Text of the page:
Growth Strategies

Coming This Summer: 404 for All

Small business hopes for another 404 delay were kept alive in Congress today, but a more likely scenario is that smaller firms will have to start c...
Alan RappeportJune 5, 2007

The jury is still out on whether recent rule changes will make it easier for small companies to comply with section 404 of Sarbanes-Oxley. Chances are, they’ll start to find out this summer.

The House Committee on Small Businesses heard testimony Tuesday from regulators and advocates for smaller public companies about how, and when, small companies should begin complying with section 404.

Complying with 404, which required that companies report on the state of their internal controls over financial reporting, was an expensive exercise for large companies. The law was widely seen as creating a disproportionate burden for smaller companies, whose compliance date was extended several times.

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Much of the blame for 404’s difficulty was placed on Auditing Standard No. 2, the standard used by auditors to guide their assessment of a company’s internal controls. The Public Company Accounting Oversight Board officially voted last month to replace the unpopular AS2 with a new standard, AS5. But many small business advocates still are hoping for yet another extension of their 404 compliance deadlines.

AS2 is not quite dead yet — the SEC still has to approve its successor, which requires a public-comment process that could take at least 35 days. If and when the SEC does approve AS5 — which it is thought it will — audit firms will no longer reference the original internal-control rule. In his testimony Tuesday, SEC Chairman Christopher Cox said that compliance for small businesses, defined as those with a market capitalization of less than $75 million, would coincide with approval of AS5. That, he noted, would mean companies would begin having to comply with the management assessment portion of 404, although companies would not be required to come into full compliance until their reports are due in March 2009.

“I expect that AS5 will be approved in final form this summer, but if it’s not, we’ll once again postpone the requirement that smaller public companies have a section 404 audit until the new auditing standard is done,” Cox said.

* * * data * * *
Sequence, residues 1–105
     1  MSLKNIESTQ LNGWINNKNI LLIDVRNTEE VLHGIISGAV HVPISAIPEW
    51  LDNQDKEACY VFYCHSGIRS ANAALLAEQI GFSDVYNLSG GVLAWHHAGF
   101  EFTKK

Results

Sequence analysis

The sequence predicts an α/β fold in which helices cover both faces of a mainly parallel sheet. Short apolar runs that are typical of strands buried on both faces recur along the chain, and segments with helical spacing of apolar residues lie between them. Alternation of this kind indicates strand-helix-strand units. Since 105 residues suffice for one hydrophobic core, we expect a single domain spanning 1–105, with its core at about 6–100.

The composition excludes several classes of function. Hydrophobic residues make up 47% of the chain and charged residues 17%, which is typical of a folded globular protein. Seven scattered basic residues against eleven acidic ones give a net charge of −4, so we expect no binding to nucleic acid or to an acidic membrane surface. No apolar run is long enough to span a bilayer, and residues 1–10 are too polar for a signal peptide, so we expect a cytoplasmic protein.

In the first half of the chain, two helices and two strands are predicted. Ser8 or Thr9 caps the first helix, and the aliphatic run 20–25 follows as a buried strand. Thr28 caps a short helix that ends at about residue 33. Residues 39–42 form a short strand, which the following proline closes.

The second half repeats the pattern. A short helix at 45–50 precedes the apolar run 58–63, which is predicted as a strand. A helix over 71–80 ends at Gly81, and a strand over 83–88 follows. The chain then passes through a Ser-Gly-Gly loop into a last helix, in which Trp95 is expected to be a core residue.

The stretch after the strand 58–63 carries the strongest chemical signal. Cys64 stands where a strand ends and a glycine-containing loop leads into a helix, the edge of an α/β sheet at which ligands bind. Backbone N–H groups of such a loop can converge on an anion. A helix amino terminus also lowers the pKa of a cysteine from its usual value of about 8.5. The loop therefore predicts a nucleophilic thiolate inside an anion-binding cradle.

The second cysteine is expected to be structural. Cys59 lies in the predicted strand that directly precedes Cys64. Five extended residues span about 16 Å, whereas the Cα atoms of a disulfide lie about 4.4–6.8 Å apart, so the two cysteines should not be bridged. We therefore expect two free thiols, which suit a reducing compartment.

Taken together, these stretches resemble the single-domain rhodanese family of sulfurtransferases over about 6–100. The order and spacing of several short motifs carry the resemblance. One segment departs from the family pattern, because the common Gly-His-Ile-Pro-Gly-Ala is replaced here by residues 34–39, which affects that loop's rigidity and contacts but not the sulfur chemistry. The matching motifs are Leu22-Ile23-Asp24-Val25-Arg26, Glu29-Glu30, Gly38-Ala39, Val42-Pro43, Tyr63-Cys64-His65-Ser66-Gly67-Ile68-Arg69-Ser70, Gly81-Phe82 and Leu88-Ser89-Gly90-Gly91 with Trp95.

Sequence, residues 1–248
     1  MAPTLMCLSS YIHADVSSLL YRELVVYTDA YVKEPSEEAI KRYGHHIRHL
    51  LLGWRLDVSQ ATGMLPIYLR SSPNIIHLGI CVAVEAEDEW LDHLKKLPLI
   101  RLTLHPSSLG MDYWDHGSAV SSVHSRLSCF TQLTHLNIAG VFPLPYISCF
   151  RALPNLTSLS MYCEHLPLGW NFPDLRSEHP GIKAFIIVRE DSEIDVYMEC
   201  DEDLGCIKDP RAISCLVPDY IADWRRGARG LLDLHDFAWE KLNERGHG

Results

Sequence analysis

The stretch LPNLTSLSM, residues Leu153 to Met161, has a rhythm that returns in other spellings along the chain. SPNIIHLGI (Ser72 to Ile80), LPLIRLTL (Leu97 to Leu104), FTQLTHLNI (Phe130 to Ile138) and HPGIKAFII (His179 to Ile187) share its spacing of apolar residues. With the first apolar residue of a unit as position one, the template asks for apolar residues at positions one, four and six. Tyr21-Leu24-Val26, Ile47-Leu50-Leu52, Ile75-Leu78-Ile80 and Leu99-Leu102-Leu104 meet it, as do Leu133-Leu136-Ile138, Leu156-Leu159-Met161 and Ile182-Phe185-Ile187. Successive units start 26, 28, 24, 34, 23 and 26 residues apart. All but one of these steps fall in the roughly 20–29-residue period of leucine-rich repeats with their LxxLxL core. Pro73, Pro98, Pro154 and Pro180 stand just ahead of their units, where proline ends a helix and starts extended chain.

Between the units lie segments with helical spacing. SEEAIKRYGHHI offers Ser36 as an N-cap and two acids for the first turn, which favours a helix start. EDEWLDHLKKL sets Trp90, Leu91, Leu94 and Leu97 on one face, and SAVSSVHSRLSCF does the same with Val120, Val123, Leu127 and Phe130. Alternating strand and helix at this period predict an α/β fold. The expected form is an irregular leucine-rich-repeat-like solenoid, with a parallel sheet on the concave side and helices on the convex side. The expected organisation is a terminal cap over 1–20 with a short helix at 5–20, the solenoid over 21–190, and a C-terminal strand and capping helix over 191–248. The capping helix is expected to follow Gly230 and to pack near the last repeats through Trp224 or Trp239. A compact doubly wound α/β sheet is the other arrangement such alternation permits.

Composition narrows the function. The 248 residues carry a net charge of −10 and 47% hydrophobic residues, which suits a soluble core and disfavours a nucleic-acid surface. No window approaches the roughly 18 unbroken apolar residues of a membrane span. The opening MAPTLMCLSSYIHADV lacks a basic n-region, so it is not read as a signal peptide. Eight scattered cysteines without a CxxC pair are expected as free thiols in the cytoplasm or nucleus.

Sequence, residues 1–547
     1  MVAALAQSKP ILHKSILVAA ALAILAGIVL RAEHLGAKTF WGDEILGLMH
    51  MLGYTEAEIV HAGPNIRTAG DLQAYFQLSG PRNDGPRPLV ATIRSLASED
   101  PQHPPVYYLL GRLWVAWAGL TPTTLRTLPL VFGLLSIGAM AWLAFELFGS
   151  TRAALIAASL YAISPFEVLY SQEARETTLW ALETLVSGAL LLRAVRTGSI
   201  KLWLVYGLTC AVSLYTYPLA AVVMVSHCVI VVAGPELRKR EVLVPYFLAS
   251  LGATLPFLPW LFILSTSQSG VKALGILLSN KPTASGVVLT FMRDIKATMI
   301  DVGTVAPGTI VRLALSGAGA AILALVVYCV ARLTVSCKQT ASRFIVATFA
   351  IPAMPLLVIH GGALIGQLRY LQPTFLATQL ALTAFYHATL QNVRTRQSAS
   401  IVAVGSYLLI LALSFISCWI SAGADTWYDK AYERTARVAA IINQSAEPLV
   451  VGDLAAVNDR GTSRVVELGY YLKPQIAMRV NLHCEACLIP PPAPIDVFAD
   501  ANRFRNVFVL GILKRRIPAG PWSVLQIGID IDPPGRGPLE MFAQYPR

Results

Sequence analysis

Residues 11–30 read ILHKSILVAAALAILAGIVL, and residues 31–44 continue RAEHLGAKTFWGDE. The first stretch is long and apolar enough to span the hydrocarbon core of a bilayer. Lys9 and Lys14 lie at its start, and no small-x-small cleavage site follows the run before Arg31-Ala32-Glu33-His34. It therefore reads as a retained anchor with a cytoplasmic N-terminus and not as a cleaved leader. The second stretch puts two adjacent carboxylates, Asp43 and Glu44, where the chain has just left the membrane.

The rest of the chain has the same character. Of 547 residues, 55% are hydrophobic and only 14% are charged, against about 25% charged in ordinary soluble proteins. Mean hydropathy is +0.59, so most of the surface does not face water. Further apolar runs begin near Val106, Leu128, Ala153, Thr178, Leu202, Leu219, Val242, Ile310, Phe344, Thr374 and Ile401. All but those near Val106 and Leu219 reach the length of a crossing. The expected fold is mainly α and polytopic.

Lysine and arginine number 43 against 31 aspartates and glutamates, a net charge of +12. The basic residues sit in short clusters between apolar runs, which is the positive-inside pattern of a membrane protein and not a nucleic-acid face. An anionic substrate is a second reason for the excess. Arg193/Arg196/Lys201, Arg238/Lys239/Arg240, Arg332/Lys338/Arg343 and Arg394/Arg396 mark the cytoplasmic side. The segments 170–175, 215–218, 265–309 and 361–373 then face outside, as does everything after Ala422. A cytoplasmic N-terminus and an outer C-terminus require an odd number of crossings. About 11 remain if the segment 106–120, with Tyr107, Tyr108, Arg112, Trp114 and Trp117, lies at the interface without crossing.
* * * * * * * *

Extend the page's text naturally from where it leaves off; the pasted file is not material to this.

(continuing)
Still, any further postponement seems unlikely. The SEC and the PCAOB worked closely together in crafting the AS5, which is described as simpler and more principles-based. If approved, the rule would require auditors to take a top-down, risk-based approach and focus on only those areas that could lead to a material misstatement. The PCAOB also eliminated several “unnecessary” procedures, made the standard scalable for companies of all sizes and complexity; and simplified the text. The new standard also eliminates the requirement of auditors to opine on the adequacy of management’s process on evaluating internal controls — a step widely criticized by business as redundant with the auditor’s overall assessment.

“The Board is determined to make internal control audits as cost-effective as possible for companies that are required by the SEC’s rules to obtain an audit report on internal control,” said PCAOB Chairman Mark Olson.

Although Cox said he was certain that the new measures would lower compliance costs for small companies, others who testified before the committee were less confident.

David Hirschman, senior vice president of the U.S. Chamber of Commerce argued that the revised Section 404 could not be called a success until the changes are implemented and enforced. And he said smaller companies should continue to be shielded from the regulation until its impact is seen. “Until we have a full-year of experience with the new rules, we believe it would be a mistake to extend their application to smaller public companies,” Hirschman said.

Some witnesses also argued that small companies still need more guidance from the SEC and the PCAOB in order to see a meaningful reduction in the cost of complying with Section 404. “I expect that the new standards will bring down the costs of Section 404, but not as much as it could or should,” said Professor Hal Scott, director of Harvard Law School’s Program on International Financial Systems. “If the costs are still too high, the SEC should then turn the problem over to the Congress.”

Scott, who also pushed for a delay in compliance, argues that AS5 does not focus specifically enough on “materiality,” or which transactions, financial systems and controls matter most in preventing misstatements in financial documents.

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